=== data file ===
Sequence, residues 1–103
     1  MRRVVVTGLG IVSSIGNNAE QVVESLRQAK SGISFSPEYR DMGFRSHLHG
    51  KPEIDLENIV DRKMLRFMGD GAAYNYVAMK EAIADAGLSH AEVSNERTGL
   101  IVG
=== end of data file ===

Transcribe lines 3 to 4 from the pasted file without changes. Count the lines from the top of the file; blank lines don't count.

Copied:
    51  KPEIDLENIV DRKMLRFMGD GAAYNYVAMK EAIADAGLSH AEVSNERTGL
   101  IVG